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Imagine a diet plan that saw through to the core of your being and beyond, that took into account not just the foibles and little secrets no one else knows about (it’s awfully easy to dispose of incriminating Wendy’s bags and 3 Musketeers wrappers) but even the secrets that you don’t know – secrets that can help keep you alive longer and in better health.

This is the promise – and the threat – of the latest scheme for dramatic health improvement to fall out from the big bang of the Human Genome Project. Nutritional genomics – or nutritional genetics, or nutrigenomics – examines your diet and your genes to determine how they interact. Proponents argue that nutrients in food alter gene expression or structure, acting differently on different people according to their genetic makeup. Once these interactions are understood, the story goes, people can make up for inherited weaknesses or genetic flaws by eating differently and, when necessary, taking dietary supplements. Understanding the links between genes, specific nutrients, and a range of diseases – from diabetes and heart disease to less obvious diseases like some cancers and neurodegenerative syndromes – will result in a diet plan tailored to your very own gene profile.

If genes are destiny, science has been doing its best to alter that destiny, and of course venture capitalists, burned and jaded by high tech, are looking for ways to turn the science into profit. The new field of nutritional genomics is taking off in both the United States and Europe, with geneticists, nutritionists, and informatics specialists collaborating to analyze data from long-term health studies using powerful new genomic techniques. The deliberate pace of careful scientific research isn’t fast enough, though, for baby boomers willing to spend whatever it takes to stave off if not vanquish the depredations of age. So companies are springing up, vying to take a swab from your cheek, test your DNA for a few genetic variants, and tell you that if you don’t follow their guidelines you’re headed for trouble. Given the state of current research, nutritional genomics hasn’t progressed very far beyond standard, sensible dietary advice. But if you’re paying a lot for the advice, it probably means you’ll take it seriously.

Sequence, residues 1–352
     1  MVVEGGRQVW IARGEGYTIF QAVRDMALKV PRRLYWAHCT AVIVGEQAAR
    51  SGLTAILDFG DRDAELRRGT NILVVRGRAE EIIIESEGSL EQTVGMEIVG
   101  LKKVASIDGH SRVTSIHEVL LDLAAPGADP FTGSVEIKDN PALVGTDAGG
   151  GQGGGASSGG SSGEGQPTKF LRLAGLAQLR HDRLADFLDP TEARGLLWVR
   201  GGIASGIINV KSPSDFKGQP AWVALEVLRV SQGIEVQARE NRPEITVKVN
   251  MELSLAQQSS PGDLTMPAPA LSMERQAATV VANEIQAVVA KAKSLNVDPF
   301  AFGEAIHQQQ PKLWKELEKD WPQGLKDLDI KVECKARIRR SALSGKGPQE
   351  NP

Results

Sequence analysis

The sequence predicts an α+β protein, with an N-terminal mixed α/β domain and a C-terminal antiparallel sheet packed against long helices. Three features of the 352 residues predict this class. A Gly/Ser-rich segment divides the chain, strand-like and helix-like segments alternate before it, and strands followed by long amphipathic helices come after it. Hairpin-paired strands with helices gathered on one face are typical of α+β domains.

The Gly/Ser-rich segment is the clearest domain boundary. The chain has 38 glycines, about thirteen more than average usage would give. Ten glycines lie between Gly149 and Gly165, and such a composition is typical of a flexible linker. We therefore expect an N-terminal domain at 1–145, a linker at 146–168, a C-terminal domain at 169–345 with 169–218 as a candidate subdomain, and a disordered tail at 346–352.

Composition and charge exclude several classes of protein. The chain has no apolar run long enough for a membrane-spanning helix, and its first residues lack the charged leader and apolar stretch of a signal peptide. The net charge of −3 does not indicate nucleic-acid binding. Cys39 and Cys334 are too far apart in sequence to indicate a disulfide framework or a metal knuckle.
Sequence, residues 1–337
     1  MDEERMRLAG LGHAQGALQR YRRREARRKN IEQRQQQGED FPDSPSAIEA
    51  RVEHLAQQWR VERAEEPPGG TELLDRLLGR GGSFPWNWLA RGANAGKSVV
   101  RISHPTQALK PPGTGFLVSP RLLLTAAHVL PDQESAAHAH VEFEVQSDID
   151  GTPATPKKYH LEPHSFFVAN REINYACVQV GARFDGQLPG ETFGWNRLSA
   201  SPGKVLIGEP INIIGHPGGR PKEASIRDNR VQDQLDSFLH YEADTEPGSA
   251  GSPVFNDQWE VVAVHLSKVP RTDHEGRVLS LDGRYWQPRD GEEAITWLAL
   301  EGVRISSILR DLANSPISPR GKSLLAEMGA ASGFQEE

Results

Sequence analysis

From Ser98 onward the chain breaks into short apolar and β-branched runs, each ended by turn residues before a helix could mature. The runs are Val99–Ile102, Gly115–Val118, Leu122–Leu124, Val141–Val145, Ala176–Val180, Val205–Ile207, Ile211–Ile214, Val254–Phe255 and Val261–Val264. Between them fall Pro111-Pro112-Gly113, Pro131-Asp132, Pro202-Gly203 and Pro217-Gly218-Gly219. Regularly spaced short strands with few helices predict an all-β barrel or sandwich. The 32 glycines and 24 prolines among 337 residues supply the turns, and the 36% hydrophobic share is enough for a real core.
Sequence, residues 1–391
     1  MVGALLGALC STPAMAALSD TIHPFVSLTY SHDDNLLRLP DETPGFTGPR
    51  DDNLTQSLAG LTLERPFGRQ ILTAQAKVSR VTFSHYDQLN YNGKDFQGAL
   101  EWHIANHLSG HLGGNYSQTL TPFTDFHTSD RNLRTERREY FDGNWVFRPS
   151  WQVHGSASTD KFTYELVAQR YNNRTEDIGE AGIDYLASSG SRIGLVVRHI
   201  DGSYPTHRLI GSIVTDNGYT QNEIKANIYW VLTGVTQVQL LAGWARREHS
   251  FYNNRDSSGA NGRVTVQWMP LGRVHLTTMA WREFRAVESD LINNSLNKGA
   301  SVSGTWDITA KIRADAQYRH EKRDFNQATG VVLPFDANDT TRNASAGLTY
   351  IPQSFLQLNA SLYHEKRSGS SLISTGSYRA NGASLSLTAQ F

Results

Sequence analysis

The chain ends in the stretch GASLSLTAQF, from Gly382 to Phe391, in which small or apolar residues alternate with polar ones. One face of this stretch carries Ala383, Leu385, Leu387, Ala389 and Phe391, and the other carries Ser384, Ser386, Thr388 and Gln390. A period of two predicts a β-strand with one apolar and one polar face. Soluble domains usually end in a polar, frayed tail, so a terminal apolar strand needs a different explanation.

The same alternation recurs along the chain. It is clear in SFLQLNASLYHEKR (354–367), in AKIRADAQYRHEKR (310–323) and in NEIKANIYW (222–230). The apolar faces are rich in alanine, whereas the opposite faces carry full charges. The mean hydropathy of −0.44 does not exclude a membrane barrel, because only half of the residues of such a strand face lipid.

I recently filled out a diet survey devised by one of the most ambitious of the new companies and got my score from the director of diet and nutrition. The biggest surprise was that what I eat is not more alarming. Perhaps because I write about food and am a restaurant critic, I eat a very peculiar and imbalanced diet (or perhaps I am simply peculiar and imbalanced, which is common in the food-writer game).

I skipped the company’s genetic workup, which I didn’t have time to take. Or so I said. The reality is that the number of diet-gene interactions that are sufficiently well understood to lead to specific and helpful advice is very small, and the number of relevant genetic variants for which it is practical or feasible to screen is even smaller; whereas a condition like obesity can involve hundreds of genes interacting in complex ways. In addition to these limitations, there are the uncertainty and risk of obtaining any genetic information about yourself. Companies, of course, promise complete confidentiality, but you never know. And the results of genetic screening are almost invariably ambiguous, with few straight paths from individual variant to effective intervention. I found it telling that the academic researchers I asked hadn’t had themselves screened (or bothered to try the experiment I had in mind, of submitting the same swab with two or three completely different diet surveys).

My discussions with several researchers and one dietician did make me think that the field of nutritional genomics has real promise. And I might even start eating more fatty fish – though I fear that like many people told to eat fatty fish, I’m likelier to line the pockets of the dubious dietary-supplement industry. That industry, like all the big food processors, is looking hungrily at every development in nutritional genomics.